Sparing the size of India

In the next few decades, land required for renewable energy generation, urban infrastructure and agriculture will need to expand to meet the needs of 10 billion people. At the same time, nature is declining globally at unprecedented rates, and the global climate is rapidly shifting toward irreversible tipping points of change.

To mitigate climate change and prevent further biodiversity loss, habitat areas and ecosystems must be preserved and restored, and renewable energy generation capacity needs to skyrocket to levels 6x greater than today. So how will we be able to spare the land needed to achieve this, without compromising efforts to feed a growing population, or undermining the rights and livelihoods of communities?

There is one clear and well-studied solution to this (apart from a total transformation of our economic system). Land-use conflicts could be avoided through a global shift to plant-based diets. Doing so would free up the land that is dedicated to grazing and growing feed for livestock animals (25% of Earth’s ice-free surface) for energy generation, food cultivation and/or restoration.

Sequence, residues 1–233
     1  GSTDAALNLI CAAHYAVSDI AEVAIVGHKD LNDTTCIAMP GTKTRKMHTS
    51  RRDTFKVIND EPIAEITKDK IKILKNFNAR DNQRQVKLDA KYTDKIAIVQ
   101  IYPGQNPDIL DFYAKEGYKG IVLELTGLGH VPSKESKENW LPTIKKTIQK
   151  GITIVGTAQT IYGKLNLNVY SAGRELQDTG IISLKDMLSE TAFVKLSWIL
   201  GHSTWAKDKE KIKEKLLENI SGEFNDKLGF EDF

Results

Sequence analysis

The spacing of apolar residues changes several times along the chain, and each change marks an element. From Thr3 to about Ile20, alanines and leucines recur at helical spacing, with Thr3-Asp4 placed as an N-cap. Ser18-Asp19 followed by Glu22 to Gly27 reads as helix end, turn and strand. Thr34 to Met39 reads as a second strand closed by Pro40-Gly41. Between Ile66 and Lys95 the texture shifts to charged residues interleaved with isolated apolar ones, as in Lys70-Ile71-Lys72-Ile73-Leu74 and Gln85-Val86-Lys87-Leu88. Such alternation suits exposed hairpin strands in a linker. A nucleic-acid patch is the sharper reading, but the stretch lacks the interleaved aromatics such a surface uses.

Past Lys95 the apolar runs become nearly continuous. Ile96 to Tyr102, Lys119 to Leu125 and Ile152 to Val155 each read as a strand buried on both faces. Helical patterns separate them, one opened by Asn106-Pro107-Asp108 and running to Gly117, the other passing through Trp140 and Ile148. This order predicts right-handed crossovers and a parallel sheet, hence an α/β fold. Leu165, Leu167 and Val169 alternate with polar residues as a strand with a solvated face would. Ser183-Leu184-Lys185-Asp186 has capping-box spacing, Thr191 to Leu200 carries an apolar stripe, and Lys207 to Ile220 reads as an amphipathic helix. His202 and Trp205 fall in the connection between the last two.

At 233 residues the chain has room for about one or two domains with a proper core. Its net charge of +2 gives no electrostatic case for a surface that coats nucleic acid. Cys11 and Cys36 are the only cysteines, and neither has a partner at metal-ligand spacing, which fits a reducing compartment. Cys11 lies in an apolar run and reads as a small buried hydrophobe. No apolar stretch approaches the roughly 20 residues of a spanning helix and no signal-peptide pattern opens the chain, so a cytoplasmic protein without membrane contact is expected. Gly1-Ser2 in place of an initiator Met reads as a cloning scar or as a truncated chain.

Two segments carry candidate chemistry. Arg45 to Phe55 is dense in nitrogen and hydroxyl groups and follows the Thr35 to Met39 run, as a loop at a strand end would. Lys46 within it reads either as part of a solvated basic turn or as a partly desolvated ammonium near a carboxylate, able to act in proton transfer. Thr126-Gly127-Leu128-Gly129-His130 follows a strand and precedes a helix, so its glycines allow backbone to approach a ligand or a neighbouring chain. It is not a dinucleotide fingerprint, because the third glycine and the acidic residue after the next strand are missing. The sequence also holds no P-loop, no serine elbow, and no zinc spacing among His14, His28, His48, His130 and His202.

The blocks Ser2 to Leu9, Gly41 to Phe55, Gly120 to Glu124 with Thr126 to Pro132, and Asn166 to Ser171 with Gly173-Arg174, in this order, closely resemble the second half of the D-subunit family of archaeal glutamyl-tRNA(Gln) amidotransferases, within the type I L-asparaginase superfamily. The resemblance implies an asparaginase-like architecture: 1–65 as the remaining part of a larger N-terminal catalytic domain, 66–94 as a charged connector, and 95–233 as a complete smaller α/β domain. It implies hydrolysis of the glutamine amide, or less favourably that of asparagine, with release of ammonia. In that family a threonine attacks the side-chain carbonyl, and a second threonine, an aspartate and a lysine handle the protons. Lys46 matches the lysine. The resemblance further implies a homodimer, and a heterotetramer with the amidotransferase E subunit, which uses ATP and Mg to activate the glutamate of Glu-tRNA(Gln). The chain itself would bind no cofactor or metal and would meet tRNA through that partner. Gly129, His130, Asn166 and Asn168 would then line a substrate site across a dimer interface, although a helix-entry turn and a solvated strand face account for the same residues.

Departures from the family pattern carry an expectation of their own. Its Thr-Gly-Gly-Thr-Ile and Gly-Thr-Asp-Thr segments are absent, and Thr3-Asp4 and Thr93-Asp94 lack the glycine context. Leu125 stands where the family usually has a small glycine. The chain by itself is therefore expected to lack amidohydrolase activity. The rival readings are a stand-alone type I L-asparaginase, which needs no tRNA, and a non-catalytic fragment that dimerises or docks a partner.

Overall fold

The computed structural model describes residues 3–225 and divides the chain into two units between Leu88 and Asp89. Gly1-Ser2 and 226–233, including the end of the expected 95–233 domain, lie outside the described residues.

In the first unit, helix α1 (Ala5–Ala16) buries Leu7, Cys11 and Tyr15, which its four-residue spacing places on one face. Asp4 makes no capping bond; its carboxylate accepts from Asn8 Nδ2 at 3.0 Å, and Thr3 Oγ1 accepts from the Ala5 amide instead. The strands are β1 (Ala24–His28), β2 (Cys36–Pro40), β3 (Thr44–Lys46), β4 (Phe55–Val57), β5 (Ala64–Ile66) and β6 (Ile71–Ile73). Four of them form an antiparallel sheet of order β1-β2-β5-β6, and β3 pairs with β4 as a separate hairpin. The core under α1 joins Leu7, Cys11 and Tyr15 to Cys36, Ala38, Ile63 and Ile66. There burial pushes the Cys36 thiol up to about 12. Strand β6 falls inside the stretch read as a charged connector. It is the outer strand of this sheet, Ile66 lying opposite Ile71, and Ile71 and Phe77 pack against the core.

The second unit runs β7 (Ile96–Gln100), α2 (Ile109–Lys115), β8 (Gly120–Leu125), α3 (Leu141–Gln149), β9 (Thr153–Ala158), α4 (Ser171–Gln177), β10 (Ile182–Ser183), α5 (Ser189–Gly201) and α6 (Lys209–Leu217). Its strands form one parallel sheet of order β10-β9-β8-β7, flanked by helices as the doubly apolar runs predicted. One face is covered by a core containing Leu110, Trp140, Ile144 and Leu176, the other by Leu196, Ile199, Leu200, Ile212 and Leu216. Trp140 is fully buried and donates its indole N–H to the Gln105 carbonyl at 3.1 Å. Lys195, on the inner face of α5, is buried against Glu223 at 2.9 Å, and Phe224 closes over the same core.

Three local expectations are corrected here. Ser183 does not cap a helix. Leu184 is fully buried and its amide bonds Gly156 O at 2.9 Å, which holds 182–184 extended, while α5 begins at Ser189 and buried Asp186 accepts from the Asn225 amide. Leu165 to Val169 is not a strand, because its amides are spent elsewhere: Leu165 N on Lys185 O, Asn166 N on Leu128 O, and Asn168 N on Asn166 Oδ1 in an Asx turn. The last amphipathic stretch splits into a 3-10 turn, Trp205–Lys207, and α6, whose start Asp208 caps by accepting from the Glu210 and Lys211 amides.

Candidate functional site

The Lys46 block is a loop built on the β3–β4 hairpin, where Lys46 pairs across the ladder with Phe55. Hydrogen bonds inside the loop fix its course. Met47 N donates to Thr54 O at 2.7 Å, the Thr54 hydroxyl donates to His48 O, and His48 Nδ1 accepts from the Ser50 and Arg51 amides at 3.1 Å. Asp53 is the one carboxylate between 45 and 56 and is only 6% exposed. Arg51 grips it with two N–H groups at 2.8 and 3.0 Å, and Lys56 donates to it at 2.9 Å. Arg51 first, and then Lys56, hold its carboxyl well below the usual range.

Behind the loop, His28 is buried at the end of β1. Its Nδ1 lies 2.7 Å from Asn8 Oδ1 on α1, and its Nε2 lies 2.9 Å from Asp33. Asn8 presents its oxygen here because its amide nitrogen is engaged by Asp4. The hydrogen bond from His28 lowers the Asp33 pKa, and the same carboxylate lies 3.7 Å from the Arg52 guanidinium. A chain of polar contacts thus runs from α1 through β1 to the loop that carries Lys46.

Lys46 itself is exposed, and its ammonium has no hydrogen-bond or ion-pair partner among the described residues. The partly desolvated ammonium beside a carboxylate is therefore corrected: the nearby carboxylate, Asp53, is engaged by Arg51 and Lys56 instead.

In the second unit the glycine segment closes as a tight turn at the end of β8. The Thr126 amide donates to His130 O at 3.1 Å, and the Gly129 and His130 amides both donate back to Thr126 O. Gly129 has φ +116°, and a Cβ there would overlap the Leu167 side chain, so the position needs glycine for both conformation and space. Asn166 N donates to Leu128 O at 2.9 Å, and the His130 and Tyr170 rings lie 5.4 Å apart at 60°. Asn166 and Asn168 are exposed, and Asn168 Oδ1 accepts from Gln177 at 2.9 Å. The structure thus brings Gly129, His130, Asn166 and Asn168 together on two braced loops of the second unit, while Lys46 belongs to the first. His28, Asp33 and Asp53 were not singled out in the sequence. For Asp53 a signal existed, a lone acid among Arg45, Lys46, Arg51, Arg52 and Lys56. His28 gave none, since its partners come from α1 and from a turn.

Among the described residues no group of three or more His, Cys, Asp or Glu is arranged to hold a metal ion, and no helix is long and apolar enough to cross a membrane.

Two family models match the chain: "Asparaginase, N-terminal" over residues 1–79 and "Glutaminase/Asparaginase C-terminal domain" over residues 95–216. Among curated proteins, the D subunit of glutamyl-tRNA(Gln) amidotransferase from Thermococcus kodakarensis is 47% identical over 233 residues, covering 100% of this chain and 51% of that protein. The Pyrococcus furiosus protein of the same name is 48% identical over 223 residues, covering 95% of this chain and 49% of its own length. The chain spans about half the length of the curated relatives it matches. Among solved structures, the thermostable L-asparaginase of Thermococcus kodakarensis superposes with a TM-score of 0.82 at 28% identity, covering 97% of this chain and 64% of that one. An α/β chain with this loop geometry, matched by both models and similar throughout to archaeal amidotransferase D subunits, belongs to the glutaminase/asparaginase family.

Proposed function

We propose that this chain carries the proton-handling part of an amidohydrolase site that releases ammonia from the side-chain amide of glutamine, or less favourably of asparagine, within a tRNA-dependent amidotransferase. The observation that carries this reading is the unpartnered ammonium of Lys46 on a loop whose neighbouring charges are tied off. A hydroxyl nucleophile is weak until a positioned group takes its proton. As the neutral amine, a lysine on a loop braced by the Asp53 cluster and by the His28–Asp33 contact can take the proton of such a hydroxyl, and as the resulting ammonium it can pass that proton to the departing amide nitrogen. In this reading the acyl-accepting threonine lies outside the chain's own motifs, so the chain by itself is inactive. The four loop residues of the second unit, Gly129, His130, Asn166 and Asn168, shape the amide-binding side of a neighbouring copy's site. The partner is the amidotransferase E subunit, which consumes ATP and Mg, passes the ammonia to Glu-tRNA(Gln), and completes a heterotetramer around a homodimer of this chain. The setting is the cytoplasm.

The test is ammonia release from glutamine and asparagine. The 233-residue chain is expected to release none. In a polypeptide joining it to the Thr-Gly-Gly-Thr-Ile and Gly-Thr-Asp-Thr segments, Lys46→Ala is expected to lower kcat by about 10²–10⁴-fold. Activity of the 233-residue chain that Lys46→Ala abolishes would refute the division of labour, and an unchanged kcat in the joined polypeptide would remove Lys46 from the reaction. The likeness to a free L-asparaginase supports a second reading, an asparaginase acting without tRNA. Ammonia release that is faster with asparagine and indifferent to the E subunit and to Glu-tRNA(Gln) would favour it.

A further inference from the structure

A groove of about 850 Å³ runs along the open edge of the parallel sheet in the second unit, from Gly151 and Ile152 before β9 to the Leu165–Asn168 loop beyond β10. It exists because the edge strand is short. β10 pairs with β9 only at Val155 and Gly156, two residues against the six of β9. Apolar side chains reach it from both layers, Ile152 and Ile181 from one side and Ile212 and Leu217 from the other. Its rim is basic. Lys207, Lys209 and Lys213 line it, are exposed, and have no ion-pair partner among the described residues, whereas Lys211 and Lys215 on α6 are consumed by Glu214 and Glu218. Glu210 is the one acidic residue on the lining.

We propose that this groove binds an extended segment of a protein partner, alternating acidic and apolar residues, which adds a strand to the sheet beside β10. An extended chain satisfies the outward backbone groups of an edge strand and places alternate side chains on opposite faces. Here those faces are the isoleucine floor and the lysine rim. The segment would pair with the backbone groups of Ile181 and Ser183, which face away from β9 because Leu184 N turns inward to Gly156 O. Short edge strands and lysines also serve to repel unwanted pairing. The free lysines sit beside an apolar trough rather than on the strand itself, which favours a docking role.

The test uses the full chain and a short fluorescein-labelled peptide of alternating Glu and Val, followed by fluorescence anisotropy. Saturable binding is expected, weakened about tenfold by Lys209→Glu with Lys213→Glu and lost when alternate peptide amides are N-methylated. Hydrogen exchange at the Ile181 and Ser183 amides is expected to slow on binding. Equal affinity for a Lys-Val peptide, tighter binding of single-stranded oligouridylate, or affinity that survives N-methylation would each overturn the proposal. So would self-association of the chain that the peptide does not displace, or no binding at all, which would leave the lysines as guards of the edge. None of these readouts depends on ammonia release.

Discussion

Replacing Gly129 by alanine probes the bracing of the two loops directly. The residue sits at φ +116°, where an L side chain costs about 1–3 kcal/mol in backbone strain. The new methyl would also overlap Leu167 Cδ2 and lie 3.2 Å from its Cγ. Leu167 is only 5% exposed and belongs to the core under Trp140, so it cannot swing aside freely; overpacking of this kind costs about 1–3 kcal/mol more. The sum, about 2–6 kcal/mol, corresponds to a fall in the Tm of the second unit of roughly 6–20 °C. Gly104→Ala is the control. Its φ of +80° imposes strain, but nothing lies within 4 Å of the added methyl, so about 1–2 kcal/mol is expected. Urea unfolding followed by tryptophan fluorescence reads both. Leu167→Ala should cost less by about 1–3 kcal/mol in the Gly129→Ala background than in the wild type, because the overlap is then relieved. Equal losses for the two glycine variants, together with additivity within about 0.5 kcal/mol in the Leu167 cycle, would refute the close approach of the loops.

The livestock sector is the primary driver of deforestation and land degradation and is responsible for almost 15% of global greenhouse gas emissions. A report from the World Watch Institute, concluded livestock agriculture “is the driving force behind virtually every major category of environmental damage now threatening the human future.”

According to the United Nations Environment Programme, over a third of total crop calories are used for animal feed, which could theoretically feed an extra 3.5 billion people. This would enable the world to adequately feed 10 billion people by 2050 without further agricultural expansion (great news for biodiversity!).

The impacts are astounding even for modest reductions in animal-product consumption. Modelling by the World Resources Institute showed that if high-meat intake populations like those in Australia and the US reduced their meat consumption to 60 grams a day (or 1-2 meat meals a week), it would spare more than 640 million hectares of agricultural land, or an area twice the size of India!